The SpaceX rocket that introduced the company’s 1st astronaut mission for NASA previous month fired up its engines when a lot more Saturday (July 11) in a take a look at that sets the stage for the launch of South Korea’s to start with navy satellite this 7 days.
The Falcon 9 rocket ignited its 9 very first-stage Merlin engines briefly in a so-referred to as static hearth take a look at at Place Launch Compex-40 of the Cape Canaveral Air Drive Station in Florida. The regular SpaceX rocket check clears the way for the prepared start of the Anasis-II navy communications satellite for the South Korean government on Tuesday (July 14) at 5 p.m. EDT (1700 GMT).
“Static fireplace test total – focusing on July 14 for Falcon 9 start of ANASIS-II from SLC-40 in Florida,” SpaceX wrote in a Twitter update. The exact Falcon 9 1st stage launched NASA astronauts Bob Behnken and Doug Hurley to the Intercontinental House Station on Demo-2, SpaceX’s to start with-at any time crewed spaceflight, on May 30, SpaceX extra.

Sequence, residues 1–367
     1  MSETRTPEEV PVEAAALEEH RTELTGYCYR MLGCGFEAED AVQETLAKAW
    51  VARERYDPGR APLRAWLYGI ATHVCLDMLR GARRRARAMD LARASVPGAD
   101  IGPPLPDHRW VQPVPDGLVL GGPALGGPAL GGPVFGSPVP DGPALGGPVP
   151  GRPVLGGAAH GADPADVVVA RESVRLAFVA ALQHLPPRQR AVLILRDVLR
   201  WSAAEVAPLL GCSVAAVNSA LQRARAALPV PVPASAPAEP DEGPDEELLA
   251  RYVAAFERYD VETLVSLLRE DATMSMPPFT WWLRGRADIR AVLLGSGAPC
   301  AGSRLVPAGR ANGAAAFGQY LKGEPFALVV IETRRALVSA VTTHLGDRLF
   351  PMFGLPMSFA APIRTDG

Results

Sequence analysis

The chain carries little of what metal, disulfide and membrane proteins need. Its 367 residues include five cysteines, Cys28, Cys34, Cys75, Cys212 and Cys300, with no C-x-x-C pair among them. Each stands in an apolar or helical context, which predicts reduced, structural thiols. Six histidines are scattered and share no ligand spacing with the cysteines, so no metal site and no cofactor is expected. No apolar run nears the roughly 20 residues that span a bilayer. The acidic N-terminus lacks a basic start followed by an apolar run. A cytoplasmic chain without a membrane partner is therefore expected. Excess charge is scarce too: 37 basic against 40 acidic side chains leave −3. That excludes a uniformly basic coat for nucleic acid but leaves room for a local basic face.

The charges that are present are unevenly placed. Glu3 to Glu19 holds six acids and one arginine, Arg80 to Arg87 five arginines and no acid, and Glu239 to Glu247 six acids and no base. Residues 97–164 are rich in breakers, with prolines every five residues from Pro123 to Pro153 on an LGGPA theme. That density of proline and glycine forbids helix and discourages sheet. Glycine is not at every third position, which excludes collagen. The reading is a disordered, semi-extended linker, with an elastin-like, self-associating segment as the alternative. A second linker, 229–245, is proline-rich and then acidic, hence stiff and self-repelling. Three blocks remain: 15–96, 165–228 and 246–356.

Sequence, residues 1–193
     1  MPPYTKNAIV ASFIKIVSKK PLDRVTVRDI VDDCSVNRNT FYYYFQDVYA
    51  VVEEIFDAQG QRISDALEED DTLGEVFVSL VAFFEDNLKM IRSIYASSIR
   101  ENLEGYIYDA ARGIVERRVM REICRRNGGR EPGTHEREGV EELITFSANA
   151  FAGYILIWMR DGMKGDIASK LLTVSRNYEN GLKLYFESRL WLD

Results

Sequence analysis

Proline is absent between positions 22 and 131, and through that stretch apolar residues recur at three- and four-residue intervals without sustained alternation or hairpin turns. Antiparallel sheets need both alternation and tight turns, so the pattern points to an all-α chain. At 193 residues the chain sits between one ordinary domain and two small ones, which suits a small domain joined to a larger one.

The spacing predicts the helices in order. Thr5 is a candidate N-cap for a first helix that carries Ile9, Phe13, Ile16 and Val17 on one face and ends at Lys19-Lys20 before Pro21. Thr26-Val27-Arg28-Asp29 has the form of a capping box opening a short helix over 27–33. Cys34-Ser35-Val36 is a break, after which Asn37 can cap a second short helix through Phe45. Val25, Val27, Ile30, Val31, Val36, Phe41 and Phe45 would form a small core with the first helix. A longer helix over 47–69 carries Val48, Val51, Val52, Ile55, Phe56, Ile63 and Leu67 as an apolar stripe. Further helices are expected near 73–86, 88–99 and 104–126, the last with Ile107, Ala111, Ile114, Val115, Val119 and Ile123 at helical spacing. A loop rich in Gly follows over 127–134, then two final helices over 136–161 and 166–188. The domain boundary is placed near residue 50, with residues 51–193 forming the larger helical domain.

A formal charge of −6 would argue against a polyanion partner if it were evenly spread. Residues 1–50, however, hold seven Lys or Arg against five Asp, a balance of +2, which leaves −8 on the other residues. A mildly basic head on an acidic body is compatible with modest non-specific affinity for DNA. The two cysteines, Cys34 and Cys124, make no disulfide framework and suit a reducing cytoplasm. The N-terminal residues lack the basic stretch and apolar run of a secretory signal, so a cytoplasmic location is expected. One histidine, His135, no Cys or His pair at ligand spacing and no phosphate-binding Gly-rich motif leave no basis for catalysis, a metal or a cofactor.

The rocket examination transpired the identical working day as a prepared SpaceX start of a distinctive Falcon 9 rocket carrying 57 Starlink online satellites and two BlackSky Global Earth-imaging satellites variety the close by Pad 39A launch website at NASA’s Kennedy House Centre. SpaceX referred to as off that launch on Saturday morning citing the require for extra rocket checks.
Developed by Airbus Defence and Space, Anasis-II has been billed as South Korea’s to start with armed service satellite and is designed to “deliver secured communications around large coverage,” according to Airbus.
The new satellite is based on Airbus’ Eurostar E3000 satellite system and will be released into a geostationary orbit, Airbus additional. Geostationary orbits allow satellites to maintain a place about the exact same component of Earth at an altitude of about 22,000 miles (36,000 kilometers).
According to Spaceflight Now, Anasis-II was previously acknowledged as KMilSatCom. Till this mission, South Korea has relied on civilian-owned and global satellites for communications demands, Spaceflight Now additional.
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